The Necessity of Complexity
Cities — crucibles of innovation and economic development, befitting the well-being and prosperity of inhabitants — possess what is arguably humanity’s greatest invention: the manifold exchange of diverse assortments of ideas. Social, economic, or otherwise, this dynamic is catalysed by propinquity, the aspect of ‘nearness’ and connectedness engendering the recombinant mutation of information as it courses through cities. In economic terms, described as knowledge externalities or spillovers, these processes provide a mechanism describing how the diffusion and accretion of human capital can be both the cause and the consequence of human agglomeration (Rauch 1991; Florida 2003; Glaeser 2011). These mechanisms and their requisite connectivity and diversity are of necessity mirrored in historical cities’ structures, artefactual manifestations of the deeper workings of complex systems.
Jane Jacobs provides a prescient synthesis of these ideas. Her vociferous attacks on the urban planning establishment (Jacobs 1961) and unorthodox forays into urban economics (Jacobs 1969) argued, at heart, that it is specifically diversity and its requisite complexity that provides the energising force sustaining vibrant economies and healthy neighbourhoods. From an economic point of view, the hallmark of Jacobs’ hypothesis is that this dynamic flourishes due to spillovers between diverse entities within competitive environments. Now known as Jacobs Externalities, this idea inspires formal economic models describing the role of the external effects of human capital as an explanation for economic growth (Lucas 1988; Desrochers & Hospers 2007), a view which has gained acceptance in economic research (Glaeser et al. 1992; Nowlan 1997; Feldman & Audretsch 1999) showing that increases to economic diversity are “strongly associated with increased output, productivity, and growth” (Quigley 1998, p.136). A similar dynamic is observed for social heterogeneity and creative capital (Florida 2003). Importantly, these processes often cannot be observed at overly coarse or aggregate scales (Beaudry & Schiffauerova 2009). Ongoing developments in high-resolution geospatial analysis methods combined with the improved granularity of data make it increasingly feasible to zero in on the level at which this dynamic operates.
A common thread binds Jacobs’ ideas on economic development with her thoughts on planning and engenders the essence of her argument. Misplaced emphasis on efficiency — at the expense of complexity and diversity — manifests urban planning (and economic policy) that severs the necessarily elaborate webs of social and economic processes. She describes such approaches as ‘preformationist’, meaning that growth is erroneously assumed to result from the simple quantitative expansion of pre-existing and static arrangements, therefore leading to the mistaken impression that city processes are simplistic and should be optimised. The familiar mantras espoused by modernist architects: buildings are machines for living in; form follows function; less is more, even if legitimate and necessary criticisms of the state of architecture at the time, became debilitating once applied at the larger scale of neighbourhoods and cities (Lyon 1999). Planners “declared themselves enemies of diversity, fearing chaos and complexity because they saw it as disorganised, ugly, and hopelessly irrational” (Harvey 1989, p.74), master plans consequently imposed idealised abstractions of social and functional order reinterpreted in the name of efficiency. Heavy-handed slum clearances and large-scale infrastructure projects consequently dismembered the urban fabric, in some cases decimating entire neighbourhoods (Harvey 1989; Marshall 2009; Flint 2011). A more recent manifestation of the efficiency paradigm has emerged within Smart Cities and Digital Twins hype, positing that connected citizens and ubiquitous sensors could streamline all manner of city services ranging from garbage collection to utility provision to citizen e-services. However, dark undercurrents often accompany these notions: despite increasingly decentralised access to technology, systems are oft conceived and managed using centralised and top-down archetypes that are brittle and biased; private interests may supersede public interests; infrastructure networks may bypass lesser represented or underprivileged citizens; and large-scale idealised urban development schemes — sometimes with an eerie resemblance to modernist master plans — prove unable to support the complexities required by local economies or in support of vibrant streets (Graham & Marvin 2001; Greenfield 2013; Hill 2013; Townsend 2013; Sterling 2014).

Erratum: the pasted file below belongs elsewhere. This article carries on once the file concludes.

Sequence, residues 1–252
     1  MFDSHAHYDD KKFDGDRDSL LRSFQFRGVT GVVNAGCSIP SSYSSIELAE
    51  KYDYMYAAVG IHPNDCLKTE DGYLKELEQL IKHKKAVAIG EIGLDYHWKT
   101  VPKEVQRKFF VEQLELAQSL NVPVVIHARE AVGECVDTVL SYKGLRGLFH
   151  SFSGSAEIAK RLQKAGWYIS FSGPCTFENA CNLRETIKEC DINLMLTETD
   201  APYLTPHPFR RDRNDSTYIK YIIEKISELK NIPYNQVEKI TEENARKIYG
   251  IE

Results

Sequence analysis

Jacobs emphasises that she “does not mean that cities are economically valuable in spite of their inefficiency and impracticality but rather because they are inefficient and impractical” (Jacobs 1969, p.228), meaning that the very mechanisms underlying these perceived inefficiencies are a necessary dynamic for the development of cities and the reason for the agglomeration of people in the first place. She describes this as an ‘epigenetic’ view of growth, wherein processes of development arise as an accretive co-evolutionary process from overlapping “webs of interdependent co-developments” (Jacobs 2000, p.19). This proliferation of accidental and unstable combinatorial possibilities allows countless unexpected and innovative information entanglements to take root. It is these processes that foster longer-term discovery and resilience, and it is also these processes that are otherwise incapacitated by the brittleness introduced by the efficiency paradigm. Jacobs’ thinking bears a resemblance to Stuart Kauffman’s notion of supracriticality: The point at which a critical mass of inter-relationships may trigger explosions in the diversity of molecular species (Kauffman 1995, p.116) and bouts of co-evolutionary development on coupled fitness landscapes to an edge of chaos (Kauffman & Johnsen 1991). Kaufman, in turn, explicitly connects these concepts back to Jacobs’ economic theories wherein “the web structure of an economic system is itself an essential ingredient in how that economic system grows and transforms” and “diversity begets diversity, driving the growth of complexity” (Kauffman 1995, p.295–296). Thus, in complex systems terms, cities can be framed as The Visible Expression of Co-evolving Complexity (Allen 2012), or as dissipative structures harnessing flows of energy — in the form of ideas, relationships, and resources — constantly adapting in order to seek out and maximise the beneficial use of these flows (Prigogine 1996). More intuitively, inspired by Darwin’s tangled bank analogy (Darwin 1859, p.489), Jacobs likens these processes to high-biomass rainforests interleaving innumerably diverse assortments of species into complex cascades of interdependencies capable of extracting maximal benefit from the sun’s energy (Ellerman 2005). “Sunlight is captured in the conduit, it’s not only converted but repeatedly reconverted, combined and recombined, cycled and recycled…” (Jacobs 2000, p.46). Critically, Jacobs’ insight is that it is not simply the quantity of sunlight at an ecosystem’s disposal, but the complexity and richness with which the sun’s tendrils can be enfolded and interwoven to extract seemingly magical multiplicative gains, ergo the importance of complexity for the growth of economies and the adaptive resilience of neighbourhoods. These dynamics are necessarily complex, fluid, and unpredictable and resonate strongly with more recent complex systems interpretations of diversity and its rich history of ecological interpretations and methods (Marshall 2009; Page 2011).